How Traveling has Changed My Teaching
I'm not going to claim to be a world traveler, but I have left my step in a few places around this earth which has inevitably changed me. My first experience outside the United States was to go to London with my Girl Scouts troop in high school. The next year, my family went to Guatemala on a mission trip. My sister moved to Okinawa, Japan so I had to opportunity to visit her a few years ago. Most recently, my husband and I went to Tulum, Mexico for vacation. This was my husband's first time out of the country and his reactions and take-aways made me realize the importance of these trips and how it inevitably transfers into my classroom and how I teach.
Not everyone gets the opportunity to travel, for whatever reason. However, I truly believe it to be something to take advantage of if you are able. My husband said while we were in Mexico, "When we have kids, we are taking them on trips. I don't want them to grow up not knowing the world like I have." Because seeing the world can change you down to your very core. From your perspectives on life to your appreciation for food, traveling makes you see or do things differently. Without these experiences, I would not be the person I am today, especially the teacher I am. Because I have seen people who are different than me, gotten to be in environments that aren't normal for me, I feel better prepared to embrace diversity in my classroom. Do not get me wrong, there are many ways to embrace diversity than having to travel, but traveling brings you out of your normal, comfort zone to be surrounded by cultures and experiences that you can only gain from being in a different place.
Out of the places I've been, there are a few common "themes" that I've noticed I take back with me and bring into my classroom. I wanted to share some of these because I fee like it's important not only for the teachers reading this, but more so for myself as a reminder to continue to implement this thinking with my students. I firmly believe that if I know better, I should do better and that's the purpose behind all of this jabber. I know better and should do for my own students as well as helping you do the same.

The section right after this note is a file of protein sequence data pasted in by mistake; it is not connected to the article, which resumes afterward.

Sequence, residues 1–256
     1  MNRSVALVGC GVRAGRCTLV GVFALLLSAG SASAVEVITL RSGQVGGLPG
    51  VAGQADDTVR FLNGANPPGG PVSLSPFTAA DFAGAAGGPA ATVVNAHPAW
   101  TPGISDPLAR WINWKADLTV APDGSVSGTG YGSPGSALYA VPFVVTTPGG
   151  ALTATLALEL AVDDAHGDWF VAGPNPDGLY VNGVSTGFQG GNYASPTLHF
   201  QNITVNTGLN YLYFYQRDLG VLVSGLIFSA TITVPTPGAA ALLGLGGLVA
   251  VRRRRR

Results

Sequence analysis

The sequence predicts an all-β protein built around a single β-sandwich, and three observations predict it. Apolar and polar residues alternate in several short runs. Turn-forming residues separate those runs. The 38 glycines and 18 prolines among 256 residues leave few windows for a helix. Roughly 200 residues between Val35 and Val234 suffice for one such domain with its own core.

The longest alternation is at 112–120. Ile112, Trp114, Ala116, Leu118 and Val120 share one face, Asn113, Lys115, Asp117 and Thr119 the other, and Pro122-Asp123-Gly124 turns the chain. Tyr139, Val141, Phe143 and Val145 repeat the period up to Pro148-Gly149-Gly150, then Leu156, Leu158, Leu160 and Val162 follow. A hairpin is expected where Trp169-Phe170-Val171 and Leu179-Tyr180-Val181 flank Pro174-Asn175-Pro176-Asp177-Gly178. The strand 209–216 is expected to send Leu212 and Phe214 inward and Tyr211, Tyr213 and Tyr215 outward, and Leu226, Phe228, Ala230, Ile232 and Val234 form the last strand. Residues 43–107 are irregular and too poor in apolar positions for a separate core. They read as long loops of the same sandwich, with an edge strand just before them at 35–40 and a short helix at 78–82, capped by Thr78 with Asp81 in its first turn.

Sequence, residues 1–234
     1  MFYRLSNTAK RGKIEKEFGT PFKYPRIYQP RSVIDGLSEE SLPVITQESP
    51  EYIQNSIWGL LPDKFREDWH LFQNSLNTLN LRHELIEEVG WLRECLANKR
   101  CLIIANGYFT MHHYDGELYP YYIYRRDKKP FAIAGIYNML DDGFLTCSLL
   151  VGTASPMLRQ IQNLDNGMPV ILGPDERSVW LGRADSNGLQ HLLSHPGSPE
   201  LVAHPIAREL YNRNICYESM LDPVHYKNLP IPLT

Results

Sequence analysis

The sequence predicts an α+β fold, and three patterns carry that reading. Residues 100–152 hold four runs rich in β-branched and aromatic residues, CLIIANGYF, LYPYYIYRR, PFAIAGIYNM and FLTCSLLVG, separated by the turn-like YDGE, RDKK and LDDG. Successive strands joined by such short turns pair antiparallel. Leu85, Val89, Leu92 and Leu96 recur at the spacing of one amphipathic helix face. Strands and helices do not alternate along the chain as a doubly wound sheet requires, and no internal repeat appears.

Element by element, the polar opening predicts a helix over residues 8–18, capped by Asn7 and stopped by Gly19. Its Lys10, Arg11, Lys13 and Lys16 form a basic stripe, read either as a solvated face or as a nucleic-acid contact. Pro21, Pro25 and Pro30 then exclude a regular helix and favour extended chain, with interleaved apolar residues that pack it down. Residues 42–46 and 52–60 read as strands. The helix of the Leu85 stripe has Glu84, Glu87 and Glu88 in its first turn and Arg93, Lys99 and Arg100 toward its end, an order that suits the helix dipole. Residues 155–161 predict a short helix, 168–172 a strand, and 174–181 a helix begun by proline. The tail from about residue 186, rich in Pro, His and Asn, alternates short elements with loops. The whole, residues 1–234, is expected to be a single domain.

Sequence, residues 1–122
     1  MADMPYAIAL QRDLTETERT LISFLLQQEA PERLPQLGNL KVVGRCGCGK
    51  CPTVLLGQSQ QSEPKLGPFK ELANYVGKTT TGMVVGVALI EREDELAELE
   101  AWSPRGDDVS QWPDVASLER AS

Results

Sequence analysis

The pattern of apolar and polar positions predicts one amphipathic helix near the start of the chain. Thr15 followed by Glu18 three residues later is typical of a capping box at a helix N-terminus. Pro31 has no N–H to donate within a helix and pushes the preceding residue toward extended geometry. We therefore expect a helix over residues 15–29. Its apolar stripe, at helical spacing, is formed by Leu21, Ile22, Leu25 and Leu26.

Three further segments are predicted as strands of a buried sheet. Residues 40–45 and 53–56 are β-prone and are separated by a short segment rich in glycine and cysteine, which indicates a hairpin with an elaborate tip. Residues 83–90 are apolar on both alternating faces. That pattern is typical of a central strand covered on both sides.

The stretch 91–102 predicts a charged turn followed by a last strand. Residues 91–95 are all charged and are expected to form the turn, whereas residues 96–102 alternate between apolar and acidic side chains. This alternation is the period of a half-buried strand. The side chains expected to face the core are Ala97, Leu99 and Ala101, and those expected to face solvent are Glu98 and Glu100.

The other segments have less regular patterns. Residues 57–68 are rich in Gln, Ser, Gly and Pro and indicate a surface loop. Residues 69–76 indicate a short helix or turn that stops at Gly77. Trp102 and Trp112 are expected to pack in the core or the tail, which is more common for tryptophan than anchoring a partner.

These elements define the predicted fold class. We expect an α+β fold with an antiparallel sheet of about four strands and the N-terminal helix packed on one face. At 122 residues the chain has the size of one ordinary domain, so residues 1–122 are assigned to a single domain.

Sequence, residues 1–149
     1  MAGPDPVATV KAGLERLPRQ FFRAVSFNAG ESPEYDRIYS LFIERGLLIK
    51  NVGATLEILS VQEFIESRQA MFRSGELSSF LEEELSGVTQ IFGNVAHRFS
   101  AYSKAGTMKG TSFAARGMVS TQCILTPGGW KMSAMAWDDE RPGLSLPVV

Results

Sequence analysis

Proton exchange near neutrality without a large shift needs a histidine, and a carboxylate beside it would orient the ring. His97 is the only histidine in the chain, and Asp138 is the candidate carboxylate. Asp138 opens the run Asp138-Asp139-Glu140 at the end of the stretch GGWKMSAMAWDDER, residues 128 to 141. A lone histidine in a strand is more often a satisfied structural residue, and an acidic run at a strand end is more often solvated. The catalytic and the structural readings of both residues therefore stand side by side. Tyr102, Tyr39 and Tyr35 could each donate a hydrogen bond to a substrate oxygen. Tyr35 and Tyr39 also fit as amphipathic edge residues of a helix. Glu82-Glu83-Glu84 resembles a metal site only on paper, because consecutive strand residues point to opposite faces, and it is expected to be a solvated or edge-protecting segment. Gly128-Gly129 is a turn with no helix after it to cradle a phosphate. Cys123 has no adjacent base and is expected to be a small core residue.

When we were in Mexico, I had a conversation with a taxi driver and he said he never wanted to leave because there was so much to do there, even though the opportunities of "better jobs" were limited. I should emphasize that when I say "better jobs" that it what America has conditioned me to think. He thinks taxi driving is the best thing in the world and truly loves it. Going to college is very rare for people in Mexico, which makes me incredibly thankful for the opportunities I have at home. However, I feel there is a stigma that in order to succeed in the United States, you have to go to college. Y'all, I'm the first person in my family to not only have a master's degree but a bachelor's degree as well. Do I consider myself any more successful than my dad or husband? Absolutely not! I want to remind my students of that every day though. I want them to know that as much as I want them to go to college, I also believe that if you are doing something that you absolutely love and passionate about, do whatever it takes to make that happen. Find a dream and work to achieve it every day. That is what is most important in life.
My favorite thing about traveling abroad is seeing people's homes. It's not my favorite like I get excited about it, but I'm always fascinated by how people appreciate what they have. This is usually opposite from my day-to-day thinking because I'm so focused on what I don't have until I'm looking at a home made of tent or tarps. When I was in Guatemala, we visited the city cemetery which was beautiful, but in a certain area it began to smell awful. As we walked more, there was a large drop off that became the city's landfill. It was the worst smell I've ever experienced, like to the point we were all covering our faces. But it was the most memorable moment in my life because at the bottom of trash pile were people's homes, at least ten of them. They got up every day to dig through the trash for food and materials that would help them survive. Talk about a life-changing experience! It's so important to teach children to appreciate what they have. Many of my students have terrible homes as well. They're so embarrassed by it, too. I understand because I've lived in a trailer, sleeping on a couch, too. But it's still not quite as bad as what I experienced in that third-world country, and I want to remind my students that they should be thankful for whatever it is they have.
I had a teacher tell me once, "There are only 3 things that will change you: people, places, and books." That quote has never left me and makes me reflect on it a bit more after meeting different people and seeing places unlike my own. Traveling changes you regardless of your profession, but as a teacher, we need to take these lessons and transfer them into our classroom to ensure we are raising children that will change the world. Find a dream and chase after it, appreciate what you have, and just be nice to others will be the factors that change our world so why wouldn't we take the time to teach it?